CAPE GIRARDEAU, Mo. -- Southeast Missouri will not appeal NCAA sanctions calling for the forfeiture of 44 women's basketball victories as well as placing both the women's and men's programs on two years of probation.
The university released a one-sentence statement late Thursday saying officials decided not to appeal the penalty. A representative for the school did not return a message seeking comment.
The NCAA Committee on Infractions announced the penalty in June. The violations in the women's program in the 2004-05 and 2005-06 seasons primarily involved impermissible housing, transportation and meals for prospective student athletes who moved near the university in the summer before enrolling for the first time, according to the committee.
The men's basketball program was penalized for allowing ineligible transfers to travel and practice.
The school was censured for lack of institutional control and a failure by former women's coach B.J. Smith to monitor the program. Smith was coach from 2002-03 through 2005-06 before resigning in December 2006, compiling a 79-41 record over that span that was the best in the Ohio Valley Conference.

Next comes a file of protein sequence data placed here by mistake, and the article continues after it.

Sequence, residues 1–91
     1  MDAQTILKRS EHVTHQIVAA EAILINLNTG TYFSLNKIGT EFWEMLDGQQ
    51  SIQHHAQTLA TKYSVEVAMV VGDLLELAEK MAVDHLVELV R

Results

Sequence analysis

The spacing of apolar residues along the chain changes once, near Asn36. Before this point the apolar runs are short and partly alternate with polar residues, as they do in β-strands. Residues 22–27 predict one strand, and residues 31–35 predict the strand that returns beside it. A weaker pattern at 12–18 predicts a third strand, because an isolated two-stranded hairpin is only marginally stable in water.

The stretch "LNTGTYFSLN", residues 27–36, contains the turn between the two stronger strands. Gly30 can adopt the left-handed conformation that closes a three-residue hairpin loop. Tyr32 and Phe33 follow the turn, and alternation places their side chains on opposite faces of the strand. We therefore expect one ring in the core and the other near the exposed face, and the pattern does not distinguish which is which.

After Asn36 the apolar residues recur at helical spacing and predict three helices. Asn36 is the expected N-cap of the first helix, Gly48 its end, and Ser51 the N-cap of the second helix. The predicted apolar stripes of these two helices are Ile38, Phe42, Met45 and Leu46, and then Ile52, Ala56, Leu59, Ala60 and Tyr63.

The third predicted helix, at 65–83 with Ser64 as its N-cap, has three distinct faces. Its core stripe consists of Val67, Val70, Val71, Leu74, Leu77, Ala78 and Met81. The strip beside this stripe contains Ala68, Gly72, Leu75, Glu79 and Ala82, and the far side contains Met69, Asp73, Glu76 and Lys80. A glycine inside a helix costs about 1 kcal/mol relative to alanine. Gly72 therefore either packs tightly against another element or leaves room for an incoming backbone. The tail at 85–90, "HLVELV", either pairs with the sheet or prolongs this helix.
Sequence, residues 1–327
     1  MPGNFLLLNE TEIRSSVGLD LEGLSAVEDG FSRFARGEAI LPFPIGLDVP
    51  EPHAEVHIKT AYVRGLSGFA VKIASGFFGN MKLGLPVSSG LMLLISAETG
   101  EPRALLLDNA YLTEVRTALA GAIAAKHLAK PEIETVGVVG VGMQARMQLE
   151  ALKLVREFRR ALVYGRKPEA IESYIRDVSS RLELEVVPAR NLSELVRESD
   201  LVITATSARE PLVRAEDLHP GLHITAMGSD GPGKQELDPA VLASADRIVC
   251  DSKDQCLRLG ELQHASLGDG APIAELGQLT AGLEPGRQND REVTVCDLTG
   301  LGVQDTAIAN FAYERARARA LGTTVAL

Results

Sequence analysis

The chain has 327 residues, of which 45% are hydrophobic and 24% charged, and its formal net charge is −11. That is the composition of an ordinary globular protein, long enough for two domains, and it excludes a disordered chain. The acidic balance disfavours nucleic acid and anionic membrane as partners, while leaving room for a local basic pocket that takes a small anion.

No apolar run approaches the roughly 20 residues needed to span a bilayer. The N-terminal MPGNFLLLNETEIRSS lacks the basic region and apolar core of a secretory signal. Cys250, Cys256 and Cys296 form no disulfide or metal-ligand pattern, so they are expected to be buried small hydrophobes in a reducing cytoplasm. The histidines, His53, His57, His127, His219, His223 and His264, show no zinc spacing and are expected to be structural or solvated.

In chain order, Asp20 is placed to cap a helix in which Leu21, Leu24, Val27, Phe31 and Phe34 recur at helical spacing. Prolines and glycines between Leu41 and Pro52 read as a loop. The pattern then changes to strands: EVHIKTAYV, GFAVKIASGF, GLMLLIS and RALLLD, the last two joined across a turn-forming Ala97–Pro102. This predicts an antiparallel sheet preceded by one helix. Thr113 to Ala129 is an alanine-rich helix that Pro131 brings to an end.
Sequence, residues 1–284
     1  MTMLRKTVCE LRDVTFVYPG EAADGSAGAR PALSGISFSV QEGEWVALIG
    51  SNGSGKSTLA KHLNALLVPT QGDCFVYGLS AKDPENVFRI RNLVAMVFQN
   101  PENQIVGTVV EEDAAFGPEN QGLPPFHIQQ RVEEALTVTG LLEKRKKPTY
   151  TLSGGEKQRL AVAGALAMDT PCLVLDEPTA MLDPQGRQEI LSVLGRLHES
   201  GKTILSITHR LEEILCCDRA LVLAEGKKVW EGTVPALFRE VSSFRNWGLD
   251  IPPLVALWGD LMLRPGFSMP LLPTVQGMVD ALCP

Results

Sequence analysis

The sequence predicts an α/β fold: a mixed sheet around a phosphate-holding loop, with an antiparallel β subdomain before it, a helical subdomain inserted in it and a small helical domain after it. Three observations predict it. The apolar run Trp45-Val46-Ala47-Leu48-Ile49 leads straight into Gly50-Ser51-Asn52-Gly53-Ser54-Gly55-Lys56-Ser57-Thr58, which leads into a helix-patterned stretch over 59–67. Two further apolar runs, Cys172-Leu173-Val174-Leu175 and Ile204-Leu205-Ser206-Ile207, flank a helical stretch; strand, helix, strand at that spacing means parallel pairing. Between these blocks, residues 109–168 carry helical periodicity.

Southeast Missouri was 22-9 in 2005-06, winning the conference tournament and playing in the NCAA tournament, and 22-8 in 2004-05, losing in double overtime to Eastern Kentucky in the conference tournament championship game.
Penalties, including those self-imposed by the university, also included a reduction in recruiting activity, financial penalties and a reduction in the number of scholarships.
The NCAA said its investigation found that seven prospects and one parent received impermissible automobile transportation from women's basketball managers, players and other prospects, with transportation arranged by members of the coaching staff. In addition, the NCAA said, members of the coaching staff provided impermissible transportation to four prospects from their homes to local venues.
Six prospects lived cost-free in an off-campus house rented by women's basketball players for various periods from a few days to a few weeks over a period of four summers, the NCAA said. The investigation found the women's coaching staff knew that prospects lived in the housing on some occasions but made no effort to make sure that they paid for it.
In addition, members of the women's coaching staff allowed two prospects to observe or volunteer at summer camps and to receive free housing and meals. The committee found that six women's basketball prospects participated in voluntary summer workouts conducted by the university's strength and conditioning coach.
The NCAA said a competitive advantage was gained because the players had an opportunity to acclimate to road travel and further integrate in the team while receiving additional coaching and practice time.